The NFL let Williams know he would probably be drafted around the end of the first round or the beginning of the second. How do you put off the realization of a lifelong dream? How do you tell millions of dollars to wait a year? All your life, you've wanted to grow up. There's the door to adulthood. Walk through it.
"It's a private decision gone public," Williams said. "People told me, 'You should get paid for injuries, get paid for your time on the field.' Who cares about a million dollars? I didn't see it then. I won't see it now."
Williams figured out you can't put a price on friendship, on an offensive line that serves as his posse on and off the field, on the only chance you'll ever have to be a college senior.
"I'm really close to the team," Williams said. "This team is really, really close. We horseplay and wrestle all the time. We feed off of each other. Going to another team, or an organization, if I leave, everything changes now."
He snapped his fingers.
"If I stay, everything stays the same."
West understood all the forces tugging at Williams. He tried to serve as a conduit. Even when Williams tried to engage West's emotions, the coach resisted.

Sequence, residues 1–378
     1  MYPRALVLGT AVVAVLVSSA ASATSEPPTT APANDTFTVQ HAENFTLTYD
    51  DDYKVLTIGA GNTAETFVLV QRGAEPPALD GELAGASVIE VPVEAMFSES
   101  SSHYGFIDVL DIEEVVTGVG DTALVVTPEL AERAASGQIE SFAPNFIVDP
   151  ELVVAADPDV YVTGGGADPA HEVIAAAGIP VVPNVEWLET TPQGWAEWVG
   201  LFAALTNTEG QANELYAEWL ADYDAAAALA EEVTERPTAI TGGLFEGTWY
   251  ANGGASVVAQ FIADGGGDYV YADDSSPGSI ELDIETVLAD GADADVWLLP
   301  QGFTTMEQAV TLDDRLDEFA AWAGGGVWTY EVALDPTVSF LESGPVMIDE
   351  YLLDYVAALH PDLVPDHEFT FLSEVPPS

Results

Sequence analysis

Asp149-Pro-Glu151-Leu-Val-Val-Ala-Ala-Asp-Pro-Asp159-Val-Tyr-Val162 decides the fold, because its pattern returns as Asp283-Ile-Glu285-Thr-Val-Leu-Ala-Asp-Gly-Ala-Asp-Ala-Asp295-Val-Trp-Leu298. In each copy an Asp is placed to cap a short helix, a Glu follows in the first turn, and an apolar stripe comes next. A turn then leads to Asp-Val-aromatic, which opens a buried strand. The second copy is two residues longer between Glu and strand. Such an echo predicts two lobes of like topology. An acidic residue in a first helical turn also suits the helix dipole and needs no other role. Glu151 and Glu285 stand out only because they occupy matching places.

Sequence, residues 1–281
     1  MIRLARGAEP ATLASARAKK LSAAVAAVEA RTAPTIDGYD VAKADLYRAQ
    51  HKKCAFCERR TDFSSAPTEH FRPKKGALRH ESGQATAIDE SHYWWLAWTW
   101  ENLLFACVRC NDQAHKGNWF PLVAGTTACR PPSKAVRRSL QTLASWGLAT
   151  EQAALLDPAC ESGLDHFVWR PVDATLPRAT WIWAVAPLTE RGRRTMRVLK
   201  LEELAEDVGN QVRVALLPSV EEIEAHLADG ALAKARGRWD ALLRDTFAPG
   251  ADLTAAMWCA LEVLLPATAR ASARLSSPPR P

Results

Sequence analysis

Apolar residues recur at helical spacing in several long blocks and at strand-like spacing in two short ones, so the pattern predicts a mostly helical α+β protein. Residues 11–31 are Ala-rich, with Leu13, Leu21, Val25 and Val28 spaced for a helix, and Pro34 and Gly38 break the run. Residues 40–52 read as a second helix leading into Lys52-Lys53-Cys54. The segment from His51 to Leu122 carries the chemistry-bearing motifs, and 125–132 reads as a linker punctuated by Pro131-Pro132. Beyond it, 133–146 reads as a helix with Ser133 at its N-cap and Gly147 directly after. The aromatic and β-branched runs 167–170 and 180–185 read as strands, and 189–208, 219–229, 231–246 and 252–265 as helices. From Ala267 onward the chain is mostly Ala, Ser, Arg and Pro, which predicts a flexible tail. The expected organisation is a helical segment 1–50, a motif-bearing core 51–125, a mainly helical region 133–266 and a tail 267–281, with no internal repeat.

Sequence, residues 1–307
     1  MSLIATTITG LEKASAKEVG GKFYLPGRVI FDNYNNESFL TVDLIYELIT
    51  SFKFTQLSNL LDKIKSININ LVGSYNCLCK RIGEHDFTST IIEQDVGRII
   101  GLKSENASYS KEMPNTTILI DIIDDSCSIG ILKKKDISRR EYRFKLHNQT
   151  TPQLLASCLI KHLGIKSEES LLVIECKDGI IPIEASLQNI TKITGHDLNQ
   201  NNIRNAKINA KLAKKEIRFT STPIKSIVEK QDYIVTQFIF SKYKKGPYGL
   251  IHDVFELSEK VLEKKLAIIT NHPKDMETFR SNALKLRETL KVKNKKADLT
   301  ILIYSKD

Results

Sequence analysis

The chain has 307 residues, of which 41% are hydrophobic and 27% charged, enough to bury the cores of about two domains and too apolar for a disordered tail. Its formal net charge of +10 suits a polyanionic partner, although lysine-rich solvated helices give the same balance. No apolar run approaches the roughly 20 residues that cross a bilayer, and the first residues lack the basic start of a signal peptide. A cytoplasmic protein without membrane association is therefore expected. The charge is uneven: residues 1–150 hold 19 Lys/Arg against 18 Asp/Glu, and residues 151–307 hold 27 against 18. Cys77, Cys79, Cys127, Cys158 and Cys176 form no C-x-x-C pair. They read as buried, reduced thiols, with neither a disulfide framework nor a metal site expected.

"My thing was that he be totally educated to all sides, and not just to the Memphis side, the agent side, or the NFL side," West said. "I knew if he had all the facts, he would do what was right for him and he would make an educated, rational decision.
"He told me, 'Coach, I'm coming back.'
"After the bowl, he told me, 'Coach, I'm going.'
"He tried to meet with me for two days after that. I didn't meet with him. 'No, I am busy.' One of them was Christmas Eve! 'Coach, we need to talk.'
"Man, it is Christmas Eve! We are not going to talk.
"It was important to him that I put my blessing on it. Hey, I'm OK either way. If you want to go play, I'll back you 100 percent. If you want to come back, we'd love to have you. I don't want you, if that isn't what you want to do."